Golden Moments: The Right Advice at the Right Time

This article presents two famous companies that profited from expert advice at critical moments

Golden Moments: The Right Advice at the Right Time

 

All big companies were once small and in need of expert advice. Often that advice was critical to their future success. Virgin Atlantic would not have soared without Sir Richard Branson asking Sir Freddie Laker for help. Mark Zuckerberg would not be the CEO of Facebook today without the advice of Sean Parker. 

 

Branson’s mentor for Virgin Atlantic 

 Going it alone is an admirable but foolhardy and flawed approach to taking on the world.” Sir Richard Branson.

 When Branson started Virgin Atlantic he was under no illusion about the fight he would face from the incumbent airlines. 

 So he went straight to the man who was the expert. Sir Freddie Laker had started his trans-Atlantic airline in 1977. But after fierce competition from the likes of British Airways and Pan Am, his company collapsed in 1982.

 Branson was not put off by Laker’s failure, instead, he saw it as invaluable.

 Laker’s mentorship helped Branson’s business in two main ways.

 Free publicity. Laker advised Branson to generate free publicity by making himself the face of the company, “Use yourself. Make a fool of yourself. Otherwise, you won’t survive”. 

 Branson learned that he could put his company on the front page for free rather than having to pay to be at the back. This became a key part of the branding for all Branson’s future ventures. Branson became the brand.

 Second, Laker advised on many of the mundane details of setting up and running an airline. Branson knew how to run a business but he did not know how to run an airline.

 “It’s always good to have a helping hand at the start. I wouldn’t have got anywhere in the airline industry without the mentorship of Sir Freddie Laker.” Sir Richard Branson.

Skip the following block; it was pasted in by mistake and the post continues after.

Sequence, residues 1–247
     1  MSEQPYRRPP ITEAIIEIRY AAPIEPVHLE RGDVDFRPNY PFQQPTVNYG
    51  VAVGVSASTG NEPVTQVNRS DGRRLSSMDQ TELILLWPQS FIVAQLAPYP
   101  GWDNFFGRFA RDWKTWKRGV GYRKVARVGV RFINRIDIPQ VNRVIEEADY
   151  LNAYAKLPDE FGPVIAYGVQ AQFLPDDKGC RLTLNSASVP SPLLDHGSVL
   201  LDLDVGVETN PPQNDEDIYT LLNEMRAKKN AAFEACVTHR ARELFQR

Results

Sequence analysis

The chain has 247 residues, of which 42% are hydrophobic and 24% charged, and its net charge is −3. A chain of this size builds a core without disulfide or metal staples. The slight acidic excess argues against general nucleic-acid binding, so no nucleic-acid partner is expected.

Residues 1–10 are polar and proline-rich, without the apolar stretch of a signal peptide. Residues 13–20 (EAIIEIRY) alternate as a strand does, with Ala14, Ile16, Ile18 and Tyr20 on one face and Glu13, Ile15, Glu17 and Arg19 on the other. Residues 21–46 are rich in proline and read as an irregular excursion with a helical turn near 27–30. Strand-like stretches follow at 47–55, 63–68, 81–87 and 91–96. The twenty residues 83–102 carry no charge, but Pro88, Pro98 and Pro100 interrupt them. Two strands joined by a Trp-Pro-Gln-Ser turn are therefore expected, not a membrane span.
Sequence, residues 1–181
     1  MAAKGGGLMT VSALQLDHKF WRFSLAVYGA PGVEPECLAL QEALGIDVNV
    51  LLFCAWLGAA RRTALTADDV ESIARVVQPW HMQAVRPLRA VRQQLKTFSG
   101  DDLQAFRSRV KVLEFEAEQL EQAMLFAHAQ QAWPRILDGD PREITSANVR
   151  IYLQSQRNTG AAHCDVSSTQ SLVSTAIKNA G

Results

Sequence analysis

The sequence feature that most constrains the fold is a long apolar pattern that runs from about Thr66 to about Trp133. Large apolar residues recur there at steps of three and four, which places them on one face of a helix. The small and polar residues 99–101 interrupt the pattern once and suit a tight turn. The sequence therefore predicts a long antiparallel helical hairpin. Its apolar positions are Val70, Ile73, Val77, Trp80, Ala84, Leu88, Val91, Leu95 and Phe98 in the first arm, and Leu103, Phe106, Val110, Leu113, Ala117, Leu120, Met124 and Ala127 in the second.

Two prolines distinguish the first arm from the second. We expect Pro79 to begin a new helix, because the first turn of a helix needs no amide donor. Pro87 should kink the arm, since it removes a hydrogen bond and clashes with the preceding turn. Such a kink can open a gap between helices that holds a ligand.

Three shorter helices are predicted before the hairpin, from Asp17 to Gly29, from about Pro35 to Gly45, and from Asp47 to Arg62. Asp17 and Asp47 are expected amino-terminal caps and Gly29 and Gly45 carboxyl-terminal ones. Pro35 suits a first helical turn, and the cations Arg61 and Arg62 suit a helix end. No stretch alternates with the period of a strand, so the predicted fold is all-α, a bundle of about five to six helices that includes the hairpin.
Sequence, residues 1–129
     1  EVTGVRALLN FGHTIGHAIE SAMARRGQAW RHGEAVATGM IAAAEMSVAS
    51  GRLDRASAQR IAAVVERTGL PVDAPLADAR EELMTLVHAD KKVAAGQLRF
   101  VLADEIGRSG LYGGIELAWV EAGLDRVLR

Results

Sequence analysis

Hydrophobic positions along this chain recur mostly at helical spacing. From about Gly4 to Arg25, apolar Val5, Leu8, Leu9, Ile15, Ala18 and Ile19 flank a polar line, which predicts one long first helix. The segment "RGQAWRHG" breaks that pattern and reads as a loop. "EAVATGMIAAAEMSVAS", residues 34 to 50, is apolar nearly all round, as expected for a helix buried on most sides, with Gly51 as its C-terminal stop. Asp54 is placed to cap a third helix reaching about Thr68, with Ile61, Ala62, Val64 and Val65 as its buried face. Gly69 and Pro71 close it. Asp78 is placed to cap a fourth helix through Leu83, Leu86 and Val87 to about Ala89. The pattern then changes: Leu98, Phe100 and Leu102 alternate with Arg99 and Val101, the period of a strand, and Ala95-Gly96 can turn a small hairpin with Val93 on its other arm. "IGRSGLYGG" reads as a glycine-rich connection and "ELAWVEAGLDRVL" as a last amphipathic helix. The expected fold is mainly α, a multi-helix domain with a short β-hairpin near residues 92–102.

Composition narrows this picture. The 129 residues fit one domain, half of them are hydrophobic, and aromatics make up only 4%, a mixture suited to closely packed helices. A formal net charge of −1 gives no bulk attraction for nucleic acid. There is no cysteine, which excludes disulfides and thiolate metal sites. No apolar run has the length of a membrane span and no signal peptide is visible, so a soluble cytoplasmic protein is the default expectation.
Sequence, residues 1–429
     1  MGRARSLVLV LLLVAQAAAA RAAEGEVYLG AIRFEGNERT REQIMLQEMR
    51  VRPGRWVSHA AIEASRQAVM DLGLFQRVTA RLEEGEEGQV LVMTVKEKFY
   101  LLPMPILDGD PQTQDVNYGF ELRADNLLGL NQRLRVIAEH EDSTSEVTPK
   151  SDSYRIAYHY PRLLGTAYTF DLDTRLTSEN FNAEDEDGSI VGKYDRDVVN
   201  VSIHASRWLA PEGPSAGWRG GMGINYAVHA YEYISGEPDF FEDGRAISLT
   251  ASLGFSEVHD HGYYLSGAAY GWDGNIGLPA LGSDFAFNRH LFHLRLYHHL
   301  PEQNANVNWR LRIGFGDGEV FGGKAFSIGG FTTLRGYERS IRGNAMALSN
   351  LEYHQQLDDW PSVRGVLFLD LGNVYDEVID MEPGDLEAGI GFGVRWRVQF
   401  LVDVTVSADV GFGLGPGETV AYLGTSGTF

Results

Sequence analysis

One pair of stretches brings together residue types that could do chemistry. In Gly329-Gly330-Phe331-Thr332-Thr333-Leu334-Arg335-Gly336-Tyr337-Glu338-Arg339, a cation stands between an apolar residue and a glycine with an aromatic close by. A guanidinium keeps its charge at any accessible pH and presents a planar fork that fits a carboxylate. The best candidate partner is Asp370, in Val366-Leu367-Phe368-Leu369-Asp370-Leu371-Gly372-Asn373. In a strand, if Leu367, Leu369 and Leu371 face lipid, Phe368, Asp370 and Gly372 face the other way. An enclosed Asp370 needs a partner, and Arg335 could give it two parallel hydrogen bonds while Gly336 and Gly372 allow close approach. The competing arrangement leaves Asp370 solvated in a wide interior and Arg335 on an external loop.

Facebook and the expert advice that saved Zuckerberg

Another famous company that benefited from expert advice at the right time was Facebook.

“Sean was pivotal in helping Facebook transform from a college project into a real company.” Mark Zuckerberg. 

When Sean Parker started working for Facebook he was 24 but already a tech-business expert. He had co-founded Napster and had founded and lost Plaxo, an early social media platform. Both were super influential but had ultimately failed.

Parker helped Zuckerberg in two main ways.

He convinced Zuckerberg to back himself. From the beginning, he saw that Facebook was going to be huge. So, early on when Zuckerberg said that he wanted to return to Harvard to continue his degree, Parker insisted otherwise. Zuckerberg eventually relented. If Zuckerberg had left, Facebook would probably not exist today.

“A lot of people have gone further than they thought they could because someone else thought they could.” Zig Ziglar.

Second, Parker used his contacts and experience to secure funding for Facebook. But he also ensured that Zuckerberg would keep future control of the company. 

Parker did not want Zuckerberg to lose control as he had at Plaxo. So he was selective in the investors he chose and was tough in the negotiations. 

Without Parker, Zuckerberg would have struggled to find funding or would have been forced to surrender control to get it; he would not be the CEO of Facebook today. 

Parker’s expert advice saved Zuckerberg.

 

Leverage the experience of experts. Experts take you and your company further than if you go it alone

Every business needs expert advice

Maybe you are not the next Branson or Zuckerberg or maybe you are regardless, every business can benefit from expert advice at critical moments. 

When you do not have the experience for the situation in front of you, leverage the experience of experts. Experts can take you and your company further than if you go it alone.

 

In an upcoming blog, we will look at some different places where you can find expert advice.